76. 76. STANDARD OPERATING PROCEDURES ON USE OF PERSONAL PROTECTION EQUIPMENTS (PPE) Clinical management Protocol and Infection Control Guidelines; Directorate General of Health Services, Ministry of Health and Family Welfare, Government of India
    77. 77. Personal Protection Equipments (PPE) • Reduces the risk of infection. It includes: – Gloves (nonsterile) – Mask (high-efficiency mask N95) / 3 layered surgical mask – Long-sleeved cuffed gown – Protective eyewear (goggles/visors/face shields) – Cap (may be used in high risk situations where there may be increased aerosols) – Plastic apron if splashing of blood, body fluids, excretions and secretions is anticipated
    78. 78. Contd • Correct procedure for applying PPE : – Follow thorough hand wash – Wear the coverall – Wear the goggles/ shoe cover/and head cover – Wear face mask – Wear gloves The masks should be changed after every six to eight hours
    79. 79. Remove PPE in the following order • Remove gown (place in rubbish bin) • Remove gloves (peel from hand and discard into rubbish bin) – Alcohol -based hand-rub or wash hands with soap & water • Remove cap and face shield (place cap in bin and if reusable place face shield in container for decontamination) • Remove mask - by grasping elastic behind ears – do not touch front of mask – Use alcohol-based hand-rub or wash hands with soap & water
    80. 80. INFECTION CONTROL MEASURES AT INDIVIDUAL LEVEL Clinical management Protocol and Infection Control Guidelines; Directorate General of Health Services, Ministry of Health and Family Welfare, Government of India
    81. 81. Hand washing a Top priority • Single most important measure to reduce the risk of transmitting infectious organism from one person to other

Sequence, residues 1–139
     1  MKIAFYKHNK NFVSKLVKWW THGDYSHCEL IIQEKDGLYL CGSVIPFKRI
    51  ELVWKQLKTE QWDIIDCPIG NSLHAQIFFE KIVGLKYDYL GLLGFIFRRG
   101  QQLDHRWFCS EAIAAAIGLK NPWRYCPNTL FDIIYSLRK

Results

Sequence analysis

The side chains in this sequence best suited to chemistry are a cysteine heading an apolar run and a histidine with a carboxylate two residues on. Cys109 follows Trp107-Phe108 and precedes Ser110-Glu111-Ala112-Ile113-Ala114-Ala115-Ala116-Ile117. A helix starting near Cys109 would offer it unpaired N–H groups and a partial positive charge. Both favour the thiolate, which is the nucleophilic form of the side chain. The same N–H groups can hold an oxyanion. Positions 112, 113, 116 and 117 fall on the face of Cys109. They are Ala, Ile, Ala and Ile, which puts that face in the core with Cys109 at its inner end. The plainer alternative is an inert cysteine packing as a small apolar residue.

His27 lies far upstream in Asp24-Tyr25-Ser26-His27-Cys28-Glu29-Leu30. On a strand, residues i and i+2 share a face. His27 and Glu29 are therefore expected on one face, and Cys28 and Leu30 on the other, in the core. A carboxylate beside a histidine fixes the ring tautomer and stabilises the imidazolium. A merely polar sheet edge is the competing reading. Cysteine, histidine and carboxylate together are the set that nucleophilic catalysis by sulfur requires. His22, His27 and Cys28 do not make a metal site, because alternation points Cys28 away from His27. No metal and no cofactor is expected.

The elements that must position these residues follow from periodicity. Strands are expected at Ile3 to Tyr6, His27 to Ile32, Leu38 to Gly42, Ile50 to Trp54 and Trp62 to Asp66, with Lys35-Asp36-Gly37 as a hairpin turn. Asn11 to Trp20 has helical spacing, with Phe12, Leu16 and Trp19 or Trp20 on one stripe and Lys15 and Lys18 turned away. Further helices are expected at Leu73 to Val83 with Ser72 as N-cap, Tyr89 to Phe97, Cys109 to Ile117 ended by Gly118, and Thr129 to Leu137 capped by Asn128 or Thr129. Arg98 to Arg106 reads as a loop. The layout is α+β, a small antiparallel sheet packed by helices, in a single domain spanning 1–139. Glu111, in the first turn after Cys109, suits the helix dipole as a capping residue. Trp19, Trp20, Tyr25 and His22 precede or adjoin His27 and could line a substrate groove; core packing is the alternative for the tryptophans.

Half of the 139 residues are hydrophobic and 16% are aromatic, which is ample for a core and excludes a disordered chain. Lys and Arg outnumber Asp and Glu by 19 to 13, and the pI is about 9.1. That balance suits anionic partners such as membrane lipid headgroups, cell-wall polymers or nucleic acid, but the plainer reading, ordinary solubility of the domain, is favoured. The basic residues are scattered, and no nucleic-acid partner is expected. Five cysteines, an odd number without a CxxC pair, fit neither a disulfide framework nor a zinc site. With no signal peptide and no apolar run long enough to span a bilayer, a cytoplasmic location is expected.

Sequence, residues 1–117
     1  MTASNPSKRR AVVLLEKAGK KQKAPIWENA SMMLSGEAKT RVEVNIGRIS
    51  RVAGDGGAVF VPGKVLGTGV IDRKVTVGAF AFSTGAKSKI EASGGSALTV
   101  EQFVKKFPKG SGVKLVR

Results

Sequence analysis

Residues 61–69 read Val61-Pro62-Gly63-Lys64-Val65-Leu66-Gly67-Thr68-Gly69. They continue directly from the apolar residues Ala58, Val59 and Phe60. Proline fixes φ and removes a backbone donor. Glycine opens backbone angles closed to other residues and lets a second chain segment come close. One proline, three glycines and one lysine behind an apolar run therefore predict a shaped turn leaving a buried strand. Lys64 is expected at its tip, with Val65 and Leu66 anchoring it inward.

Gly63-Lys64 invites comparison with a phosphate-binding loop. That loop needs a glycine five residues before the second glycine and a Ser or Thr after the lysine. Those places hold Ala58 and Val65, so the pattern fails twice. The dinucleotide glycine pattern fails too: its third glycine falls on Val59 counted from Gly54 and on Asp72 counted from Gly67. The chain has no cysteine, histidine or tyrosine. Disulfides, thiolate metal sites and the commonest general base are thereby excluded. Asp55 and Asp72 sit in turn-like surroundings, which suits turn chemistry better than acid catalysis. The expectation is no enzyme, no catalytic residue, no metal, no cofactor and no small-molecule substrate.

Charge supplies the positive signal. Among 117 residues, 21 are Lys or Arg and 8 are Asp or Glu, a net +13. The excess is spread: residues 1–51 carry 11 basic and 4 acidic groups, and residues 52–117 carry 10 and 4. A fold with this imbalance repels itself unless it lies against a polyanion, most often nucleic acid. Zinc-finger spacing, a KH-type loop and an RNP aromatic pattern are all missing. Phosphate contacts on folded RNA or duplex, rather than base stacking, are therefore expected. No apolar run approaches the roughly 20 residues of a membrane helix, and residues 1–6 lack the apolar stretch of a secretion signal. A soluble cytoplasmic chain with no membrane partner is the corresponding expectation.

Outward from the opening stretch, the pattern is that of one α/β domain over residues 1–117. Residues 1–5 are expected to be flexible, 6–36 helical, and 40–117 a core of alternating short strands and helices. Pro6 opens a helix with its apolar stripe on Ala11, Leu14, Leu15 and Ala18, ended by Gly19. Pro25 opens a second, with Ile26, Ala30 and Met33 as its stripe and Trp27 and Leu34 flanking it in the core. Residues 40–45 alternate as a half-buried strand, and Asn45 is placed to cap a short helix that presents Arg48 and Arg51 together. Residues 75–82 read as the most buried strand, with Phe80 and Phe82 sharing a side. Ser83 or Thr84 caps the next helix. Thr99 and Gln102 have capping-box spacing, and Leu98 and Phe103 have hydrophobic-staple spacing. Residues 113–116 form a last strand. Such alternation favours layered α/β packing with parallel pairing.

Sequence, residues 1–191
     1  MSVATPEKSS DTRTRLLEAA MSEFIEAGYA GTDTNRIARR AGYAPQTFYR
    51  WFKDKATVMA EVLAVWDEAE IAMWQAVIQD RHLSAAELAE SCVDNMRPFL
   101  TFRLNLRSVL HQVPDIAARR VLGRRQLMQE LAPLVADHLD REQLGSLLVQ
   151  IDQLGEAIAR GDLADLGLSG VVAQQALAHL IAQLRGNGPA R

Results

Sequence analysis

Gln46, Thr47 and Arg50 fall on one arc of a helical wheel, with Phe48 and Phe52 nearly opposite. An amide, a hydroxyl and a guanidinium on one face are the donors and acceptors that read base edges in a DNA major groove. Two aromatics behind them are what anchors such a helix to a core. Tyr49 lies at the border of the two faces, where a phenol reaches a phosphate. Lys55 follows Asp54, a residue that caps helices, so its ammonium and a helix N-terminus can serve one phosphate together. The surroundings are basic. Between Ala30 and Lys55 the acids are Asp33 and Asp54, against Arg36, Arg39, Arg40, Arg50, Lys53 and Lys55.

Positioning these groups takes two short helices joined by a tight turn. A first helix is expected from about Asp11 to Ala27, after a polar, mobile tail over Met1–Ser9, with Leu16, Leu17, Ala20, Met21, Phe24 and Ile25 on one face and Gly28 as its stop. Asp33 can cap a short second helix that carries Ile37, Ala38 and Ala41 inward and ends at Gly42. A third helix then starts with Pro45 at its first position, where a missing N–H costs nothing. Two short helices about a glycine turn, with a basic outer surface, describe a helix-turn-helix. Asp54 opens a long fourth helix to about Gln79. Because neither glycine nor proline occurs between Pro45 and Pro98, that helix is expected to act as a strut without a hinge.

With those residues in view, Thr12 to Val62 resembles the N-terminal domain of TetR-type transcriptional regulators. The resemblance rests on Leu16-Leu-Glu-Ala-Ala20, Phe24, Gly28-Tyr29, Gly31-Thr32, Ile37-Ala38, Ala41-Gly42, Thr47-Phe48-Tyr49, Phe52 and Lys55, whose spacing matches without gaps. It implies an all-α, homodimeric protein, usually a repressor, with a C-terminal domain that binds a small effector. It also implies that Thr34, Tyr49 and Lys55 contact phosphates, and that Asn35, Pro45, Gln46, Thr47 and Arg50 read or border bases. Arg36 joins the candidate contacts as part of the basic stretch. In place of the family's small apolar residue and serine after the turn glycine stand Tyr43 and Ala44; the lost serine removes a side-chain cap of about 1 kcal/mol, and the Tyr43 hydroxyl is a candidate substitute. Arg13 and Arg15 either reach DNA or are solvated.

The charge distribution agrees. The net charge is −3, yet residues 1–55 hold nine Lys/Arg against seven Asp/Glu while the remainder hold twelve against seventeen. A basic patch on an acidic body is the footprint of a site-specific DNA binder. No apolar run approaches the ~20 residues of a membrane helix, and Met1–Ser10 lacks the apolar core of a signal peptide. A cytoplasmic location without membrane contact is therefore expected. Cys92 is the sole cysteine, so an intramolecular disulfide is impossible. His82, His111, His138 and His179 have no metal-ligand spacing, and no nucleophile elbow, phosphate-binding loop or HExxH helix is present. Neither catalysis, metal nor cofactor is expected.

82. 82. Respiratory Hygiene/Cough Etiquette • Covering your nose and mouth with a tissue when you cough or sneeze. Throw the tissue in the trash after you use • Wash hand
    83. 83. Touching face regions can faster the Spread • Avoiding touching your eyes, nose or mouth. Virus can spread this way in a faster way
    84. 84. Staying home if you are sick
    85. 85. Avoid crowded places more so with young children
    86. 86. Mild cold like symptoms - Take rest
    87. 87. Using N95 mask reduces the Risk • You can cut your risk of contracting the flu or other respiratory viruses by as much as 80 percent by wearing a mask over your nose and mouth Emerging Infectious Diseases, the journal of the Centres for Disease Control and Prevention (CDC) .
    88. 88. Infection control measures at health facility • • • • Droplet Precautions Visual alerts Use of PPE Decontaminating contaminated surfaces, fomites and equipments • Guidelines for waste disposal
    89. 89. Discharge policy • Asymptomatic pt after two to three days of treatment – Should be discharged after 5 days of treatment – Repeat test not required • Continuation of symptoms of fever, sore throat etc. even on the 5th day – should continue treatment for 5 more days – Asymptomatic  discharge – No need to test further
    90. 90. Discharge policy • Symptomatic – Even after 10 days of treatment or – cases with respiratory distress – Suspected secondary infection – if patient continue to shed virus • Resistance of the patients to anti viral drug would be tested • Family should be educated on – Personal hygiene – Infection control measures at home
    91. 91. Check list • S – Stay home (if ill) and sleep well • W –Wash hands, wear masks. Wine not to be consumed • I – Imbibe fluids • N – No smoking • E – Eat well • F – Fear not ( deaths < 1 %) ,Fully treatable • L – Lessen travel and visits to crowded places • U – Uphold cleanliness and proper disposal of used masks
    92. 92. Panic and Fear are much dangerous than Swine Flu